Executing. It is at this stage that the learner is instructed immediately prior to performing the task to (1) execute the task without any thought about the act itself or the possible outcome and (2) carry out the task. This stage facilitates the execution of the motor skill by directing the performer to avoid “over thinking” the movements or the desired outcome of the task during execution (Singer, 1988).This stage encourages a more automatic performance of the skill. This may be useful during learning to reduce the tendency by learners to overanalyze the task during its execution. Therefore, avoiding the characteristically “awkward” movements of novice learners.

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Evaluating. The evaluating sub strategy is the only one undertaken after a given attempt to perform the task being learned. Immediately after the task, the learner is instructed to: (1) use the available feedback to learn from; (2) assess the performance outcome of the task and the effectiveness of each step in the routine; and (3) adjust any procedure next time, if necessary. This stage is included to encourage both analysis of task performance and the effectiveness of the implementation of the 5-SA.

Effectiveness of the 5-SA

Singer, Flora and Abourezk (1989) examined the effectiveness of the 5-SA for learning a novel complex motor task in which participants used a stylus to touch a sequence of six pressure sensitive targets. Subjects who were instructed in the 5-SA performed significantly better than the control (not instructed in the 5-SA). Singer, DeFrancesco, and Randall (1989) studied the effectiveness of the 5-SA using two primary tasks, a novel complex motor task,(as described in the previous study) a table tennis serve, and a transfer task, underhand dart-throwing. The results showed that participants instructed in the 5-SA performed significantly faster during both the primary and transfer tasks.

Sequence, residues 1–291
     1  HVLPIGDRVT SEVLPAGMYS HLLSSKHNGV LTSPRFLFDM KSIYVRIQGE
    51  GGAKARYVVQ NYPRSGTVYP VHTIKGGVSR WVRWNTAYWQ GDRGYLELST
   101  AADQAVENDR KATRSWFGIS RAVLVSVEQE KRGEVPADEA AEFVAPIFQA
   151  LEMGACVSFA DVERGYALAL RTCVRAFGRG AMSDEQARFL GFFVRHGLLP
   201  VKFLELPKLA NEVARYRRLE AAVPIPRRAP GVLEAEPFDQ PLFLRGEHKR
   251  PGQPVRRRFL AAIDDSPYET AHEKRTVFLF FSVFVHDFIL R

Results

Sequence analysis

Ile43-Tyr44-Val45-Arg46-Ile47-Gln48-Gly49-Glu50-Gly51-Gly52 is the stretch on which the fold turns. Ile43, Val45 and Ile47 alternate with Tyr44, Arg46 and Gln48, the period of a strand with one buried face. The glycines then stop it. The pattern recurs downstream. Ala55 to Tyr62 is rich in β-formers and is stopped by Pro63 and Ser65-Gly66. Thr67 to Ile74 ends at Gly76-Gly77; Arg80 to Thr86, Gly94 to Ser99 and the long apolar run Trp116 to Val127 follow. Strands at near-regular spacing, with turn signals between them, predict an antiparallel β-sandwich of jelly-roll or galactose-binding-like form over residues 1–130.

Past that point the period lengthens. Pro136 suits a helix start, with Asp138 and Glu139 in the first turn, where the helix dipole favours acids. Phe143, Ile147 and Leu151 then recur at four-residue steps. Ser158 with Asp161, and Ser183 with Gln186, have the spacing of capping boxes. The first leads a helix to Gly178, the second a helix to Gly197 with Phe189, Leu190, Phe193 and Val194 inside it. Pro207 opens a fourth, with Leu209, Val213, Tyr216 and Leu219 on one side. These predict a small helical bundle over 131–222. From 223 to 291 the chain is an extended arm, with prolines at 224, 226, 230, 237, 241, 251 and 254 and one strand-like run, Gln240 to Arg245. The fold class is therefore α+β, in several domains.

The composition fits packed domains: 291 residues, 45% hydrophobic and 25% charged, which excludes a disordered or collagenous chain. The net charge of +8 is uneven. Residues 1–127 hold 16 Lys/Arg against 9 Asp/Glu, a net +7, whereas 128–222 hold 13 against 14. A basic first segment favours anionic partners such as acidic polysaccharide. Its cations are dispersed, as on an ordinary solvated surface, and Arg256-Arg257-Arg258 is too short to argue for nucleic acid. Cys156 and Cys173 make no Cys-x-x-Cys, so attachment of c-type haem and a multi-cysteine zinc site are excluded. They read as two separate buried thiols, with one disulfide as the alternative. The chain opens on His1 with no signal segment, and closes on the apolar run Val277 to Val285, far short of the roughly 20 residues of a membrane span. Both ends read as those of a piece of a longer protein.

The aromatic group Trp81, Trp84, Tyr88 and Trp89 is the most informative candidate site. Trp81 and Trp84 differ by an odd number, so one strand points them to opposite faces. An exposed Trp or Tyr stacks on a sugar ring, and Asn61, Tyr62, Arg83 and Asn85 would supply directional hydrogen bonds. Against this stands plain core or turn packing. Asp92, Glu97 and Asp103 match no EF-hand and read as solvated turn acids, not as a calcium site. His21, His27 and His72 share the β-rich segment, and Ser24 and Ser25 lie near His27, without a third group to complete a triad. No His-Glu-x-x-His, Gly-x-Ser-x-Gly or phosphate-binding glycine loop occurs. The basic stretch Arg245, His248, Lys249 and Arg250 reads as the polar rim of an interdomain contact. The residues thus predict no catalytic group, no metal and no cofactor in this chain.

Studies have also been conducted outside of a laboratory environment. Lidor, Arnon, and Bronstein (1999) tested the effectiveness of the 5-SA using basketball players during their regular practice sessions and found that players instructed in the learning strategy improved their free throw performance over that of the control group. Additionally, Lidor (1997) found that elementary and middle school students could effectively utilize the 5-SA when learning, respectively, a bowling throw and overhand ball throw in a school setting. It is clear that the 5-SA is a validated and reliable learning strategy, which is an effective tool to both the student and instructor.

Logan’s Non-Awareness Approach (1988)